American Airlines (Dallas/Fort Worth) has offered its pilots, represented by the Allied Pilots Association, a reported “industry leading contract” according to Terry Maxon of the Dallas News. The two negotiation groups are facing a deadline of Saturday to resolve their outstanding issues with a new tentative agreement. The two parties started talking on July 8. The new contract would not impact the pilots of American Eagle-branded operations.
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However despite this optimism, the union’s president issued this statement:
Since I forwarded management’s initial joint collective bargaining agreement economic proposals to you yesterday, the feedback we have received on the proposals has been overwhelmingly negative. No disagreement here. Management’s initial proposals are seriously lacking on various fronts.
After reading the letter from American Airlines President Scott Kirby yesterday morning addressed to the APA board of directors, your APA leadership expected something a lot different from what we received. Mr. Kirby noted that issues regarding Scope bring with them “a lot of history and skepticism,” and he’s right. The contrast between Mr. Kirby’s letter and the proposals that followed will only add to that baggage. While there was no call for an increase from 76 seats to 81 seats on commuter aircraft, management instead simply shifted their aim with a Scope proposal to add five seats to the medium-sized (up to 70 seats) regional jets. Moving this limitation would be well outside the industry standard. When compared to the industry standard, what management has proposed would dramatically increase the number of 70-seat commuter aircraft and related capacity flown by regional affiliates.
In addition, management does not appear to be interested in providing our pilots with a compensation package comparable to industry leader Delta Air Lines. While initially proposed pay rates are fractionally higher than Delta’s current pilot pay rates, there’s little adjustment for the absence of profit-sharing, which this year will equal 15 percent of annual earnings for Delta pilots. This means that American Airlines pilots’ compensation would continue to trail industry leader Delta by a significant margin. Meanwhile, our airline is producing its best-ever financial results, with forecasts of industry-leading profits and margins going forward. What’s wrong with this picture?
Delta’s CEO recently addressed the importance of a “positive employee culture” and “rewarding employees with pay for performance through profit sharing,” adding that it “drives revenue growth and better financial returns.” American Airlines management evidently believes otherwise. With the exception of Spirit Airlines, American Airlines is the only other airline that does not provide profit-sharing to its pilots.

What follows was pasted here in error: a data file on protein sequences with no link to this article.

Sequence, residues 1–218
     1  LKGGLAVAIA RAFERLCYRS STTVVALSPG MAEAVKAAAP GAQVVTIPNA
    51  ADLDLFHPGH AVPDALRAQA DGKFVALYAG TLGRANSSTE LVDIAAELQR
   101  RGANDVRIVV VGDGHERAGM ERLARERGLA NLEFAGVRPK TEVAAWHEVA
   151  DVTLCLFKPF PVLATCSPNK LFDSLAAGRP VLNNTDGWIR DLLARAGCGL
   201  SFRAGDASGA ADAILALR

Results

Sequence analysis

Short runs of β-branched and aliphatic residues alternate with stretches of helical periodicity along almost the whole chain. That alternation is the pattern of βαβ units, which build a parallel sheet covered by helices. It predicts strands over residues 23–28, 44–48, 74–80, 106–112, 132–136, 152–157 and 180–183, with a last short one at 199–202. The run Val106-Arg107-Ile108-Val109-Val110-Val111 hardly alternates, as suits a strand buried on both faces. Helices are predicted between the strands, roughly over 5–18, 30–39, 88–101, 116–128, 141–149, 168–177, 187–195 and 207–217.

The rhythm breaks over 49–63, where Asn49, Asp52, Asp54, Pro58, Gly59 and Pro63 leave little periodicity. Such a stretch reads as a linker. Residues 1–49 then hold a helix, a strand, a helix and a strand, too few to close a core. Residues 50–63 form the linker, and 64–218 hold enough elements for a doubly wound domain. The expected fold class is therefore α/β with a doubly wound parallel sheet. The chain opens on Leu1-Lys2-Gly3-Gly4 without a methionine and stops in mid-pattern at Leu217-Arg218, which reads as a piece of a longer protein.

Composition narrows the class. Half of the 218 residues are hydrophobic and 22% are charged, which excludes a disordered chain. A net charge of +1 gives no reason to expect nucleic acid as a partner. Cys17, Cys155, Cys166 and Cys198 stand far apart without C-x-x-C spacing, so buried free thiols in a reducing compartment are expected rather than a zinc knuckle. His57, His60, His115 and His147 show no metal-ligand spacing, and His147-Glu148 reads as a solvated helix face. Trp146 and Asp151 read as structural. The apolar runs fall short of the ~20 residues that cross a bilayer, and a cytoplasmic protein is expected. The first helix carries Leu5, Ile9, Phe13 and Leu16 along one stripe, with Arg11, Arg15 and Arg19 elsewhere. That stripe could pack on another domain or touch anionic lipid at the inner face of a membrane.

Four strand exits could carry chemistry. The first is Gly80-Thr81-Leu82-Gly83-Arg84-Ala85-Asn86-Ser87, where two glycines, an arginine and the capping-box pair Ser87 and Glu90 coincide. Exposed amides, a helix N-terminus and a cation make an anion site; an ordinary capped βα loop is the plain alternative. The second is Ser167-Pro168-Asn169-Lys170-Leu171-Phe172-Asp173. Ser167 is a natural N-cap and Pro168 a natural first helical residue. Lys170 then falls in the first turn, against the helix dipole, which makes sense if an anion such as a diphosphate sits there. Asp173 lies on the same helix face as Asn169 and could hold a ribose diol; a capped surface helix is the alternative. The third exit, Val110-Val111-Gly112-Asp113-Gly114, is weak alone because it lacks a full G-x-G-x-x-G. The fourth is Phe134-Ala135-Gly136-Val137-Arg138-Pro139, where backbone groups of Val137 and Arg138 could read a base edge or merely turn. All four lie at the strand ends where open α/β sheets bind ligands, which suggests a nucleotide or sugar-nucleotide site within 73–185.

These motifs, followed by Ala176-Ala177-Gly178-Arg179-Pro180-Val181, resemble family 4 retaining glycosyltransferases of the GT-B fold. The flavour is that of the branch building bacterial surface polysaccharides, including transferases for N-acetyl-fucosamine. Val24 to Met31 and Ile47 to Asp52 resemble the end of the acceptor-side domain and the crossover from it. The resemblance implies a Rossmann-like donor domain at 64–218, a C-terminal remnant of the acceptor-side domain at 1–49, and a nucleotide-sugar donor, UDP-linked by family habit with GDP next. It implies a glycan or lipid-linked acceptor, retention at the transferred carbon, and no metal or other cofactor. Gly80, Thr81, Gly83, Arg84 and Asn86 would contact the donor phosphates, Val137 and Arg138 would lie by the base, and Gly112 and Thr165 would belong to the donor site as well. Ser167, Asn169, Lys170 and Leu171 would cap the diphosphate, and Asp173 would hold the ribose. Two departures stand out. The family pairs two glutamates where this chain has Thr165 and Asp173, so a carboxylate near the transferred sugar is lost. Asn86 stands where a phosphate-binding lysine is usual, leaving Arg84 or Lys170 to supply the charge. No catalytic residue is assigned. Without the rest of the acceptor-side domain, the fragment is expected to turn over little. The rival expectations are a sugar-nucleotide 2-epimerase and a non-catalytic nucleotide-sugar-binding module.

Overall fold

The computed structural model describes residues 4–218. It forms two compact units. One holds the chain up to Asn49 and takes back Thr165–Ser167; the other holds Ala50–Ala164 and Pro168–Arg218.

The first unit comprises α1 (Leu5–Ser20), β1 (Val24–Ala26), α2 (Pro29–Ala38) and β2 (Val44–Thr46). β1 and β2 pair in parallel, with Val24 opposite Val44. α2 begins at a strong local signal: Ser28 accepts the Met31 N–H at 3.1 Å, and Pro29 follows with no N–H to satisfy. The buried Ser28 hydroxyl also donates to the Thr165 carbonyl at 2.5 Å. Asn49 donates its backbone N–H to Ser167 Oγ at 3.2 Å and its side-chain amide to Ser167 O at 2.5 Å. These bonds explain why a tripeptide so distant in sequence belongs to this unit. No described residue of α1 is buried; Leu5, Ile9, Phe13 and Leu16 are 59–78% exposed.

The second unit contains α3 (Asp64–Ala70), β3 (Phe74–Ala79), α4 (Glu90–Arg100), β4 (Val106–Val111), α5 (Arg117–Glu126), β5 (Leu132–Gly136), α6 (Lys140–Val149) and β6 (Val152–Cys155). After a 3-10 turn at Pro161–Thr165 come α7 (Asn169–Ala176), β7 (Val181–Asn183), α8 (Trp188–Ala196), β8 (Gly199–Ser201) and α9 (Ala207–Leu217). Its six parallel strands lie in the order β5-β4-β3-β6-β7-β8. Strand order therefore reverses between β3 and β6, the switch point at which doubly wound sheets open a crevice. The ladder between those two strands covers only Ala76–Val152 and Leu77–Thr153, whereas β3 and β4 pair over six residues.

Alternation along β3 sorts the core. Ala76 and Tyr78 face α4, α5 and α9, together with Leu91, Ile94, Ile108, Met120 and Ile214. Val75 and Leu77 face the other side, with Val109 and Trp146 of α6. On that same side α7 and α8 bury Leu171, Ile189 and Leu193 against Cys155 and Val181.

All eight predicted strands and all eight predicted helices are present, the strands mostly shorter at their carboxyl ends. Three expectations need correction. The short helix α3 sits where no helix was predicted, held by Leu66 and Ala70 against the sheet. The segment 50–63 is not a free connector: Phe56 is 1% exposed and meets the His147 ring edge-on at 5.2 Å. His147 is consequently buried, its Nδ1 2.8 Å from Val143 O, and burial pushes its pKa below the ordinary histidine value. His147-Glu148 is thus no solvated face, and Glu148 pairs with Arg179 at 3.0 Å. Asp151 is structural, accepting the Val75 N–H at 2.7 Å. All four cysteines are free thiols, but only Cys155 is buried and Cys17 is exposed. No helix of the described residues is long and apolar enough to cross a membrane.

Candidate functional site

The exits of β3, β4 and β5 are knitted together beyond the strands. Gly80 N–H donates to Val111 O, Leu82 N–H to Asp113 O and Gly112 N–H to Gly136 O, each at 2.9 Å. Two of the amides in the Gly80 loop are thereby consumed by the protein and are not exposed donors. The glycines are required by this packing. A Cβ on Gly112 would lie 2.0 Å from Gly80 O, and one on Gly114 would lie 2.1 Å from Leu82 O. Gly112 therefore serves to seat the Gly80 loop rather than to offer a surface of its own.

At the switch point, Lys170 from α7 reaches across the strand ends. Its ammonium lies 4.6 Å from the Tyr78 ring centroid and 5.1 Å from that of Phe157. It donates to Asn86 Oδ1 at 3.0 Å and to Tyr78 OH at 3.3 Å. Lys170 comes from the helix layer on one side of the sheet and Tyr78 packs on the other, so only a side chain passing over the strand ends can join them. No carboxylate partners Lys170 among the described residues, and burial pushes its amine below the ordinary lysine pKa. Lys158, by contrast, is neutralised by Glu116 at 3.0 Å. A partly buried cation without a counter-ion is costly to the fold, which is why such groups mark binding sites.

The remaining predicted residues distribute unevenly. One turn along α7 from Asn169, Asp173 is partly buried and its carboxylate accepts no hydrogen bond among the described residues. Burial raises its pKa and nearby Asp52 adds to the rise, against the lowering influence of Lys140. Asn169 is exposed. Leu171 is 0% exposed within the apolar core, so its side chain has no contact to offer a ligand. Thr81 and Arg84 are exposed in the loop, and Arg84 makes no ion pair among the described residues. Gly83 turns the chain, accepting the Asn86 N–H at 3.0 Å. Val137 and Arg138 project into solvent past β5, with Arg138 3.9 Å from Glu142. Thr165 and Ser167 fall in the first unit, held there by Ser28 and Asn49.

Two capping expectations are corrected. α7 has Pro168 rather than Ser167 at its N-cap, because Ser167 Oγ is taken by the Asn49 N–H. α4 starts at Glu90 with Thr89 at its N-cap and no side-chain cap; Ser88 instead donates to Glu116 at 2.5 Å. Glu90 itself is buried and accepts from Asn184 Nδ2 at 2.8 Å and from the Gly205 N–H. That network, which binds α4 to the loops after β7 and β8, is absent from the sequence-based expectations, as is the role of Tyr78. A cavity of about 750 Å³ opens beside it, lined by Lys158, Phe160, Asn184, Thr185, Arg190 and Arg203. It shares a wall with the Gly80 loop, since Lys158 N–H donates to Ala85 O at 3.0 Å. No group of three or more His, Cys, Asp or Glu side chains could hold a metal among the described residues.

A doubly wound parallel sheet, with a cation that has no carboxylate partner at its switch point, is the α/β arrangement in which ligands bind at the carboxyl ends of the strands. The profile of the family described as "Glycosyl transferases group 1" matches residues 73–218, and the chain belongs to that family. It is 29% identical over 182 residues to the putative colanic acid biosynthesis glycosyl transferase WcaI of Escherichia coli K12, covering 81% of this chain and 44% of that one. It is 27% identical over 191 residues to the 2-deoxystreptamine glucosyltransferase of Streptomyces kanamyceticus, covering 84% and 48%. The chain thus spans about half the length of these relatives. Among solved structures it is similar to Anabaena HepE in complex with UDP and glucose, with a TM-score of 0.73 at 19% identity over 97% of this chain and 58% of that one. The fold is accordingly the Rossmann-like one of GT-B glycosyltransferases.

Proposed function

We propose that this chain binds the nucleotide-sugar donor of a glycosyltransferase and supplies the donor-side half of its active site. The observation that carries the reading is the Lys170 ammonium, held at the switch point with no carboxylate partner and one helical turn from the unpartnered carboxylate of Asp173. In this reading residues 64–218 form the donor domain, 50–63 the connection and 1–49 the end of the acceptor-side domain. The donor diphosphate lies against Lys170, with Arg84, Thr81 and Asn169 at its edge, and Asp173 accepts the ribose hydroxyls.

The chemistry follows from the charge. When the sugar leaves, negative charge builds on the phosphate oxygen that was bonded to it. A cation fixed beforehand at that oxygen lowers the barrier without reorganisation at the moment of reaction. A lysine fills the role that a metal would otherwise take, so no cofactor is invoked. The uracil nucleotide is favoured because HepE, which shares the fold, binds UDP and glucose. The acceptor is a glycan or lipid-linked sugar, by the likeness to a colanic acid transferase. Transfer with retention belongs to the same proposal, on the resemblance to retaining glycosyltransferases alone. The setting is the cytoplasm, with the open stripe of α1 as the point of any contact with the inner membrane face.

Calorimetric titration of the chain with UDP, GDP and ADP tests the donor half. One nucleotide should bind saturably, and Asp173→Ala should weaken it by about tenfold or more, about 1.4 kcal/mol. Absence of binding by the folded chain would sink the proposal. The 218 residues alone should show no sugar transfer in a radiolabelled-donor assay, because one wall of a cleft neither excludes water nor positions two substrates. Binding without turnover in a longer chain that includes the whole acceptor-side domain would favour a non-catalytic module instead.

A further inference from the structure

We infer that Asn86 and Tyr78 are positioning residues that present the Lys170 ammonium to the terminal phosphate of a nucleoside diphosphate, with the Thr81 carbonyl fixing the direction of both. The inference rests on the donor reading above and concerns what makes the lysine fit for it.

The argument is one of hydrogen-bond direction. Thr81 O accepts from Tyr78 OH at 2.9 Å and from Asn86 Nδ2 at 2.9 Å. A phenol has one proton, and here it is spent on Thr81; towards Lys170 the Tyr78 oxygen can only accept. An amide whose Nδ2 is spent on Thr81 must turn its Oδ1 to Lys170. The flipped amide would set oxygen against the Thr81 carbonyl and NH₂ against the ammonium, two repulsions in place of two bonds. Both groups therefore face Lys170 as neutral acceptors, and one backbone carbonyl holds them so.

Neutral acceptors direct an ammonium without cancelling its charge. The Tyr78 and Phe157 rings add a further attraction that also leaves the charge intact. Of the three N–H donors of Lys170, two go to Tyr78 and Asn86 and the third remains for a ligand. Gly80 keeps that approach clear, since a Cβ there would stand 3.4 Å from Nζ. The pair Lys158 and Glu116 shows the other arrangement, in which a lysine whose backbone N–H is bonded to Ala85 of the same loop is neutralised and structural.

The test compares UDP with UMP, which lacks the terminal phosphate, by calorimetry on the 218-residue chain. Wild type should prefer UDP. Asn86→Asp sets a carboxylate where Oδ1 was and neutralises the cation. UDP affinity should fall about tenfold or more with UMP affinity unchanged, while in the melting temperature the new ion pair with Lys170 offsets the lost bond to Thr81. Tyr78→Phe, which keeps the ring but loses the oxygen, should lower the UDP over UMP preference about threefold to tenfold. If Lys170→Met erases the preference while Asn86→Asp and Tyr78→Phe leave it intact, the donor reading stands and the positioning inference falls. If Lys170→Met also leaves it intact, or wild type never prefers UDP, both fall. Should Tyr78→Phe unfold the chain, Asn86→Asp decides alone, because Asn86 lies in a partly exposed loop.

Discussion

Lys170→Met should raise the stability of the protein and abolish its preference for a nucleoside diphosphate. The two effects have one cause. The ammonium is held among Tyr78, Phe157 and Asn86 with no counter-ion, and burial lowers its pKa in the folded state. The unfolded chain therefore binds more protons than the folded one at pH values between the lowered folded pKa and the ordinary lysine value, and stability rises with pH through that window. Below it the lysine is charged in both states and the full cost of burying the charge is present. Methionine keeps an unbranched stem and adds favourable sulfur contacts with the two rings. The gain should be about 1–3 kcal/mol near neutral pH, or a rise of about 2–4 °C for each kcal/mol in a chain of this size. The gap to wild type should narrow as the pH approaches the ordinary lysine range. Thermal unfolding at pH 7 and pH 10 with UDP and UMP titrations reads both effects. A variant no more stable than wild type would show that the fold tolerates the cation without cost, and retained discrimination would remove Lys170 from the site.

Management’s initial proposals would have American Airlines pilots remaining under bankruptcy-era work rules and likewise do not address length-of-service credit and numerous other important quality-of-life issues that we have raised in bargaining. Additionally, their initial proposals fail to recognize that Delta pilots are on the cusp of negotiating a new contract that will likely lead to pay rate increases that will surpass management’s proposed pay rates in quick fashion.
During a recent conference, Mr. Kirby stated that better labor relations “lead to better financial results and better customer service.” Management’s initial proposals are inconsistent with that virtuous cycle and with the positive employee culture that has made this merger so successful thus far.
Where do we go from here? The APA board of directors convened at 1 p.m. today (November 12) to discuss management’s proposals and determine our next steps. The APA Negotiating Committee, Scope Committee, Industry Analysis Committee and director of economic and financial analysis addressed the board this afternoon.
Our goal remains a negotiated agreement reached at the bargaining table. Management’s latest proposals have made attaining our goal more challenging.
Copyright Photo: Brian McDonough/AirlinersGallery.com. Boeing 737-823 N964AN (msn 30093) completes its final approach to the runway at Washington Reagan National Airport (DCA).
American Airlines (current livery) aircraft slide show: